(This is the Kaala film review, which is a movie released in 2018 and has been dubbed into Hindi languages as well)
Kaala is one of the films that the Kollywood, aka Tamil Cinema, has released this year for fans of action drama sprinkled with the more typical story of a slum hero. It is directed by Pa. Ranjith, who is famous for his previous works Madras and Kabali, and Nana Patekar, who is equally famous for his roles as memorable villains in Bollywood. What’s more, it stars the actor who used to be one of the highest paid actors in the 2000s, Rajinikanth! Without further ado, could the expertise of both the director and the actor create another hit? Read on the Kaala Film Review to find out!
In Mumbai, there exists a Dharavi slum which is one of the biggest slums in the world. Many Tamils have taken their residences there, though a Union Minister Haridev plans to forcefully evict the people there in order to get his hand on those lands to build commercial projects. However, the leader of Dharavi, Kaala, opposes him and the two begins a deadly war against each other. Who will stand till the last fight?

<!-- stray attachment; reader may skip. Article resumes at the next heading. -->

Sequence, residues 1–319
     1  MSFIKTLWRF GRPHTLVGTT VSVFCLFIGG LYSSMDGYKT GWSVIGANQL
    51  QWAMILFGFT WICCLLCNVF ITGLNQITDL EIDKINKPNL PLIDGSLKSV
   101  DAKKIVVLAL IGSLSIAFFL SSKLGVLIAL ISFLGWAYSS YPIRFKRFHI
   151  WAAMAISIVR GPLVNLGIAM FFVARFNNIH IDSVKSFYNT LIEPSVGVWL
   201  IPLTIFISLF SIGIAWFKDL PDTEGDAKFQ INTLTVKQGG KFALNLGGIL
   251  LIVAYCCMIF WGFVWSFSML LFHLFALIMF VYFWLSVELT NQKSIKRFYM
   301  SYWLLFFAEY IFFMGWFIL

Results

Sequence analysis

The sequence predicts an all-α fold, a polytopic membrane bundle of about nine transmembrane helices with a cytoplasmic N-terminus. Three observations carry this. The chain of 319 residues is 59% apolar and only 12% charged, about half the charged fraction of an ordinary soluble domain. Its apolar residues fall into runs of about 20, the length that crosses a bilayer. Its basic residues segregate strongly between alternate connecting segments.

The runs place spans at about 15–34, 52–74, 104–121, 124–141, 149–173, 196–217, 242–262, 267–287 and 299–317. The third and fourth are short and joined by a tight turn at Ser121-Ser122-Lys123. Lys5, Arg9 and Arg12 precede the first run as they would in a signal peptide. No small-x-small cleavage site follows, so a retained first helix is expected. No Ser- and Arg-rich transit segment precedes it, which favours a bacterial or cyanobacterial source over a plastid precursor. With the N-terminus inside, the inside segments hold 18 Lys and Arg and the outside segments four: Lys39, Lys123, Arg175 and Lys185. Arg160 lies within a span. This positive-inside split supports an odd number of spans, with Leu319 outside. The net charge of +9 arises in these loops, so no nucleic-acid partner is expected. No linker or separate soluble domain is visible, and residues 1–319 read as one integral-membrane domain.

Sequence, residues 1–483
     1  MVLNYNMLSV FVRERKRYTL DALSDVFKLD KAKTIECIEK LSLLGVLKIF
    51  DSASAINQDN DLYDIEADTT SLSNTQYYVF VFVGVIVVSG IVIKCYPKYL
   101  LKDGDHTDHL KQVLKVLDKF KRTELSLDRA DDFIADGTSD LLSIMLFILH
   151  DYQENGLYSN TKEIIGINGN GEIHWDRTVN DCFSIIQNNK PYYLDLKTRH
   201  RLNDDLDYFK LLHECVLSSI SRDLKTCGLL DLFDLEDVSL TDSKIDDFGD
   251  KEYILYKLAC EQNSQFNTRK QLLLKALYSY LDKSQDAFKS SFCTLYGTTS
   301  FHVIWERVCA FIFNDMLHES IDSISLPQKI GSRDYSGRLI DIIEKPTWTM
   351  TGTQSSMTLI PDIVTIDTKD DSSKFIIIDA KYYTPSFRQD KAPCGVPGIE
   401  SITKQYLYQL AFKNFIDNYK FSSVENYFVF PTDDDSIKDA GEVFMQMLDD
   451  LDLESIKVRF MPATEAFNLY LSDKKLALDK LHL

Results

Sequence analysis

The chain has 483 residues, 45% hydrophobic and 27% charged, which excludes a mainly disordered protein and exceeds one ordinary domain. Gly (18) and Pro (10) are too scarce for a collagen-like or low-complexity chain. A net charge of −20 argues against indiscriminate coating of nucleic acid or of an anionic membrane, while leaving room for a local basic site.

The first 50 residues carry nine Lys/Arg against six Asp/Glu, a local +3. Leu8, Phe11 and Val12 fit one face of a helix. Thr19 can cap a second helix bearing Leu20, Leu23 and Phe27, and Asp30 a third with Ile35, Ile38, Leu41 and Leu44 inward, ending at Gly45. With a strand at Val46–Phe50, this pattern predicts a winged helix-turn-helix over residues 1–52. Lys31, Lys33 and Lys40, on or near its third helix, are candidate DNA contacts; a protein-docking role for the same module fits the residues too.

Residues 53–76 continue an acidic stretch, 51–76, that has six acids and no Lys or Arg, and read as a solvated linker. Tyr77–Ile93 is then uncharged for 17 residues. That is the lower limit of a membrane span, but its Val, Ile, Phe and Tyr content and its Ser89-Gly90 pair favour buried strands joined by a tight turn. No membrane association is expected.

Kaala Film Review
Man oh, man! I just love Indian cinema in the way they are able to dramatise a common event or story and makes them so badass! Let’s start with the basic premise itself, it’s about a bad guy who wants evict those slum dwellers from their houses in order to get the lands, and then we have the good guy trying to stop him. Story-wise, this film does not score any point on originality, as such story has been rehashed so many times in other movies. However, this is one of its cons, as the pacing for this movie is pretty good, with almost no scenes or sequences that are boring. This is an admirable feat for a film that is 2.5 hours long! There is a good balance of action, dances, music, quiet and emotional moments that you just feel for the characters and even start to like some of them in the end.
As for the characters, they don’t really stand out in terms of originality. However, the actors that portray them do such a great job of making them either very hatable or likable. This even applies to the minor characters which are full of unique personality and you will empathise them as the movie rolls. I especially love the main character here who is portrayed to be so badass in Indian-often-exaggerated fight scenes but also show that he is a human with some weaknesses, thus making him pretty relatable to the audience. Lastly, the music and dances are pretty atypical of the Indian Cinema. Sadly, most of them are quite unmemorable, except for one or two. What I do like, however, is that this movie employs more rap and hip-hop which brings in a refreshing change to the more traditional tunes.